My method for chain tube cleaning is a length of thin twine (whipping twine if you want to know!) with a small weight on one end (I use a spark plug electrode top) and a flattened loop of copper wire at the other end. I put a small piece of rag through the loop and soak it in solvent, e.g. brake cleaner. Next I drop the weight into the tube, which is held so that the weight will fall down and pull the string with it. The string needs to be long enough that the weight comes out before the loop with the rag is pulled in. Grab the end of the string with the weight attached and pull the rag through the chain tube. Repeat until clean!
I waited until the motor and new chainring were fitted before cutting the chain to the correct length.
Before the motor could be fitted, quite a few things needed to be removed.
I removed these first. They were SPD pedals and were to be refitted to the replacement cranks in due course.
The trike had a square taper BB / crank setup so I used a crank puller to remove the cranks from the existing bottom bracket. The motor is also a square taper, so you could certainly use your own cranks if you didn’t want to use those supplied in the motor kit.
This trike had a Truvativ bottom bracket with 20 internal splines, so I used the appropriate tool to unscrew and remove it.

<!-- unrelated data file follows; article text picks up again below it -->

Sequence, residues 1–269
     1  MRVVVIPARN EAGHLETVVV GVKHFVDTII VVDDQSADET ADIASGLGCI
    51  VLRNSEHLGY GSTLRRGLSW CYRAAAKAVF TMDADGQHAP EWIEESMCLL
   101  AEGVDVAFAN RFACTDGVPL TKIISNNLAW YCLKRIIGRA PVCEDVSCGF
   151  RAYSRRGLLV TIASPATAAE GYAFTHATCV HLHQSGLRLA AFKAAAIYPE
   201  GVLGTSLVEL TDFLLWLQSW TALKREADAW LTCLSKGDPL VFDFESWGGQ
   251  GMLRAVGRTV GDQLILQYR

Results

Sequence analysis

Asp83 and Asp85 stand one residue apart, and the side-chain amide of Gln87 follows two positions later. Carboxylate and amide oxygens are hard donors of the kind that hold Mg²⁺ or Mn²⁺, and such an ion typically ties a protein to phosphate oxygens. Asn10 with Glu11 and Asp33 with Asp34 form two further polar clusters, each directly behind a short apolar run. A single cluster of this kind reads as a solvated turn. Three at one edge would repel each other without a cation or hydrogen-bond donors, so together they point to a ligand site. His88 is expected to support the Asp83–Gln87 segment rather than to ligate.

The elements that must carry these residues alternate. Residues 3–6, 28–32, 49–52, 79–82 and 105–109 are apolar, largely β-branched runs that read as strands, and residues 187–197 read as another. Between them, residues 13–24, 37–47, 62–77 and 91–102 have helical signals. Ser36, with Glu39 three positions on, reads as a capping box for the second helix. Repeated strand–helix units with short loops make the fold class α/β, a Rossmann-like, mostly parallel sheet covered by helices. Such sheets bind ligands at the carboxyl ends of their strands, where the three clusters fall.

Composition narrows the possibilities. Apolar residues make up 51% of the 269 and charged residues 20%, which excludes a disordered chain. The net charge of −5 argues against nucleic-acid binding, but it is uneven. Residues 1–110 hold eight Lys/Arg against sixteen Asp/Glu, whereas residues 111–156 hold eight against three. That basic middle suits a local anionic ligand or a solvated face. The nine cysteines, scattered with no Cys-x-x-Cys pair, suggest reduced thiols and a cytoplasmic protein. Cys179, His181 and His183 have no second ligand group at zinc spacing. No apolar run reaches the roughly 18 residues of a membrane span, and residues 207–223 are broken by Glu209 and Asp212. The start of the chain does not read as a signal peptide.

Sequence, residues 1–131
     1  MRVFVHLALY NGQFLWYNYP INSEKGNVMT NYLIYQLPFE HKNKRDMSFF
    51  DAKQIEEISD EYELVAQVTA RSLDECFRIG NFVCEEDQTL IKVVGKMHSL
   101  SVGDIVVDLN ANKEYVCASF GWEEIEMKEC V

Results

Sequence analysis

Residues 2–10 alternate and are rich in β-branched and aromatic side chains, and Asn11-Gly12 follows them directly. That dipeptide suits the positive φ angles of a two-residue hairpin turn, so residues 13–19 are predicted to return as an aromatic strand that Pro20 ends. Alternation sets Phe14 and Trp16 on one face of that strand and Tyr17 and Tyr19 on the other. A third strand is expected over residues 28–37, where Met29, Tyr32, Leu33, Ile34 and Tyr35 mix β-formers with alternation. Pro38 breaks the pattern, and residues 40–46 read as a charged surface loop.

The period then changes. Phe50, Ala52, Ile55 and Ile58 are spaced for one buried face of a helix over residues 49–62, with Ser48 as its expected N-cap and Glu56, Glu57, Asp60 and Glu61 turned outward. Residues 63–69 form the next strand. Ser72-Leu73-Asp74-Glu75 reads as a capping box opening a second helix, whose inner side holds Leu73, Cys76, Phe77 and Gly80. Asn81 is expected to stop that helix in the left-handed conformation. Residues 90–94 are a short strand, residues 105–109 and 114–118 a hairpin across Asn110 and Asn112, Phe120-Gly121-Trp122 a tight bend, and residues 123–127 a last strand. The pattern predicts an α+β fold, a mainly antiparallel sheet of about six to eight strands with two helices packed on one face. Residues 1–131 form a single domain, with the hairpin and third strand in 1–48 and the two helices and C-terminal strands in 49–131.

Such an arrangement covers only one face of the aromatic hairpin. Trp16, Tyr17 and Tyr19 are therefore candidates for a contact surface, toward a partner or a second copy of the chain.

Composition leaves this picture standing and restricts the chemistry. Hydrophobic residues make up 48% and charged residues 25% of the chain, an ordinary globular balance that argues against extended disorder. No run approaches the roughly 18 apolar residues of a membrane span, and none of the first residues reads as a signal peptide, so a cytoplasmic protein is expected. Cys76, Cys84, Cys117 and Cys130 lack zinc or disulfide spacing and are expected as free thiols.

Grips and brake levers
I decided to replace the existing levers with those supplied in the Bafang kit, which came with built in brake sensors. This meant the bar end shifters, handlebar grips and brake levers had to be removed. I left the brake cables in place but took the opportunity to lubricate them. Important to optimise braking performance when adding a motor!
Installing the new parts
I started by inserting the motor into the bottom bracket tube. Once in place I turned so it was resting against the (now defunct) front derailleur mounting arm. This is so that if the motor mounts happen to work loose, it can’t turn because the torque would just push it into the derailleur arm.
As I started to tighten the mounting clamp, 2 things became clear. Firstly, the precision of the engineering of the clamp (or motor housing, or both) wasn’t perfect, so I did a small amount of modification (with a file). Secondly, I found the clamp was bottoming out against the motor housing before it could grip the bottom bracket shell tightly. I fixed this by adding a 2 mm aluminium spacer to the drive side of the motor, then reinstalling.
Fixing the motor in place is a 3 stage process:
- Tighten the 2 hex head bolts to compress the clamp onto the bottom bracket housing.
- Install and tighten the steel lock ring. This needs to be tight! Depending on your collection of bike tools you may need a special tool for this. I ordered one at the same time at the motor and everything else.
- Install and tighten the alloy lock ring over the top of the steel one. This doesn’t need to be so tight.
I installed the T-cycle accessory mount on the left handlebar. There was lots of adjusting the position of this later on so I just fitted it roughly at this stage.
The first thing I put on the mount was the thumb throttle, making sure it was in about the right place to be within easy reach with the rest of the hand still on the handlebar.